Have they merely created another bubble? The huge effort by this and other governments to pump up the economy seems to have checked the economic decline. It has certainly helped global share prices recover and seems, here in the UK at least, to have helped house prices bottom out.
But everything comes at a price. The public debt of the main developed economies seems set to reach around 100 per cent of GDP, while the near-zero interest rates and unorthodox ways being used to boost money supply may have set the scene for a revival of inflation. These policies cannot continue for that much longer, here or anywhere else, and there is a danger that when they are withdrawn, demand will flop back and unemployment will continue to climb. There is a real danger of a W-shaped recession, with another downward dip in activity next year.
As a result, far from helping the world economy through recession, the charge runs, government policies may have at best been ineffective, and at worst, may actually have impeded the recovery. The danger is that, a year from now, we might be back in recession and there would be nothing government could do about it.
It is a charge that all governments face in some measure, but it is one that applies more seriously to the UK than elsewhere, as our fiscal position is worse than that of any other major developed nation. Accordingly, as the Fitch ratings agency has warned, Britain is at the greatest danger of losing its prime credit rating. As a result not only has the country's debt shot up; it may cost more to service it in the future.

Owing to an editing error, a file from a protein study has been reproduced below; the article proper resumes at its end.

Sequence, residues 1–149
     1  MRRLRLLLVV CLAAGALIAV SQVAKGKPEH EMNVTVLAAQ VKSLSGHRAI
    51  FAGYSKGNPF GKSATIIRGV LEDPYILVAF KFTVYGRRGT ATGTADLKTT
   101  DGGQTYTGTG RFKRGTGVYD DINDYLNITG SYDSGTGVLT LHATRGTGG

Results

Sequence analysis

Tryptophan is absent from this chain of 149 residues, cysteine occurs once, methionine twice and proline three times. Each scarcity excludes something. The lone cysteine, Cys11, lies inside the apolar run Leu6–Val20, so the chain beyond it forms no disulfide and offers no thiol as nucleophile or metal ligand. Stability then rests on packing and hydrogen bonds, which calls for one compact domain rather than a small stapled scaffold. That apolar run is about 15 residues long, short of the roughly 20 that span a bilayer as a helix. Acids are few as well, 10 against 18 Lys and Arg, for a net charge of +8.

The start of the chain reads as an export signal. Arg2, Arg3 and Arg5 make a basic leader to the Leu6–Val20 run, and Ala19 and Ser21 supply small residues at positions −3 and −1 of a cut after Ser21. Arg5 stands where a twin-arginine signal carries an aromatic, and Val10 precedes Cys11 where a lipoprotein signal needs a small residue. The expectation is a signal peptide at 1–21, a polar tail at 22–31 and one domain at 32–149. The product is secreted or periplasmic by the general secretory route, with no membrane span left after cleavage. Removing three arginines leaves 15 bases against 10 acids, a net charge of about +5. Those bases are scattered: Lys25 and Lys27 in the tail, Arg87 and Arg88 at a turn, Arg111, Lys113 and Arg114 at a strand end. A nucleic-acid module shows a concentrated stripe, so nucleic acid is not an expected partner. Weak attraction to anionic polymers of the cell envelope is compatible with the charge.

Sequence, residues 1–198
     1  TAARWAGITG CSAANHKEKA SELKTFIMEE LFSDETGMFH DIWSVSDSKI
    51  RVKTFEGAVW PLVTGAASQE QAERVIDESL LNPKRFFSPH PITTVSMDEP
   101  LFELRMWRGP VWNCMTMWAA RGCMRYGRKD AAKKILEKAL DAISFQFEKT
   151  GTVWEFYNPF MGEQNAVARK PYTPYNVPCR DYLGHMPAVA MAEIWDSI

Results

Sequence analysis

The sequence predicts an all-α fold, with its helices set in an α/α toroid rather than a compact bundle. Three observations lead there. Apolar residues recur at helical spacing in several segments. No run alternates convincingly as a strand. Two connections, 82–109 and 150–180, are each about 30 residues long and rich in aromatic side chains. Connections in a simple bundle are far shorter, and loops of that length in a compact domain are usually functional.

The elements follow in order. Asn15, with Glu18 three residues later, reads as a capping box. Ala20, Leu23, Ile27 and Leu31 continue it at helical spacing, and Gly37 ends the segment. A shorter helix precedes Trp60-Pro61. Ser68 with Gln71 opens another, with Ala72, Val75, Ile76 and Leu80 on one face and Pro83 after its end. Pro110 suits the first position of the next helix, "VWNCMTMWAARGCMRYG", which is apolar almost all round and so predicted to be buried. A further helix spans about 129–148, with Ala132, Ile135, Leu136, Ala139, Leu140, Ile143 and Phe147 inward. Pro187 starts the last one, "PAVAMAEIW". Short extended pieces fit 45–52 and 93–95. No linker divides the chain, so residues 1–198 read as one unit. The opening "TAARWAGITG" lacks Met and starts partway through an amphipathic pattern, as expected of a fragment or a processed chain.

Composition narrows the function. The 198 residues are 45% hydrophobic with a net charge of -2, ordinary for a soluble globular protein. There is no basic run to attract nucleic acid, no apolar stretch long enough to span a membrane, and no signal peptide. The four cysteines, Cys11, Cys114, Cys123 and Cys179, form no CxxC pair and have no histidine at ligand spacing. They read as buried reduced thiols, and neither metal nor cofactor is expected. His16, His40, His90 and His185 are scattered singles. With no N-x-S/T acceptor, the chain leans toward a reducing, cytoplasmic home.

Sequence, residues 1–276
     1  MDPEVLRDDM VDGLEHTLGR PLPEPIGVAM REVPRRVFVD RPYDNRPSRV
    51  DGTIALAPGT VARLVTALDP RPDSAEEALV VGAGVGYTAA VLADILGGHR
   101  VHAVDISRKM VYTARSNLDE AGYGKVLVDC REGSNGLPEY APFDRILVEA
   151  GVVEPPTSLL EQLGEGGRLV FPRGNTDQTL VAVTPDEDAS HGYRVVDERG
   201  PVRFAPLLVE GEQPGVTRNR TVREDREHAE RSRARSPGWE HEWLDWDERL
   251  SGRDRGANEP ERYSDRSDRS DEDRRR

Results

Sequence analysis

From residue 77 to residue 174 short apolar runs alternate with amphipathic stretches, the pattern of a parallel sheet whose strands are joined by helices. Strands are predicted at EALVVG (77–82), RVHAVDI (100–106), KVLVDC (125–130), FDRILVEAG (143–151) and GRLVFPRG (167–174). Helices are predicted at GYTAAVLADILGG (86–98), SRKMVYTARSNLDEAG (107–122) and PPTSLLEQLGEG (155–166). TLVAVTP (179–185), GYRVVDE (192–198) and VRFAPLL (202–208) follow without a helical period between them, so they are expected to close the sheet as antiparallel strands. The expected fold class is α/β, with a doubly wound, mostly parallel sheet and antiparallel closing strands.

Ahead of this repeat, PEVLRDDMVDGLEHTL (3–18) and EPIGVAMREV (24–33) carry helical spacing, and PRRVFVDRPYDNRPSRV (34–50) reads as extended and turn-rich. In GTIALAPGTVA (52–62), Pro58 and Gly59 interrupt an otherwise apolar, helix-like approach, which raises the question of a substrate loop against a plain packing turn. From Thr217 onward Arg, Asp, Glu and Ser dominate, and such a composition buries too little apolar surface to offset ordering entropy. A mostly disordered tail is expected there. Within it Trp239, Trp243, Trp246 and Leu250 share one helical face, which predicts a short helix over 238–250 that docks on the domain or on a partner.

It is a serious charge and deserves a serious answer. Simply asserting that government is doing all it can to help people and companies through the recession, as has our own and others, won't do. Saying that because the policy isn't working very well we have to do more of it, is not a very credible response either. There are things that can sensibly be said but in the maw of politics the sensible thoughts tend to be drowned out by the stupid ones. So let's step back and look at where we are.
The first thing to say is that stopping things going down is not to be dismissed as an inadequate outcome. Of course it is not the sort of success that politicians like to boast about and it is certainly very different from the stuff we used to get from Gordon Brown in his successive budgets. But it is a start. The world's banking system is functioning again. That has been achieved at great cost, to be sure, and maybe the system is not functioning as well as it should but we are no longer looking over the precipice. In any case the world economy, viewed as a whole, is growing reasonably strongly. True, most of the developed world is not doing well but China and India are; so is most of Latin America and Africa.
The next thing to say is that recessions typically take a while to turn round. In previous cycles economies have bounced along the bottom for 18 months or so before staging a proper recovery. It is not pleasant and it would be great if we were clever enough to crank up growth faster. But we are not.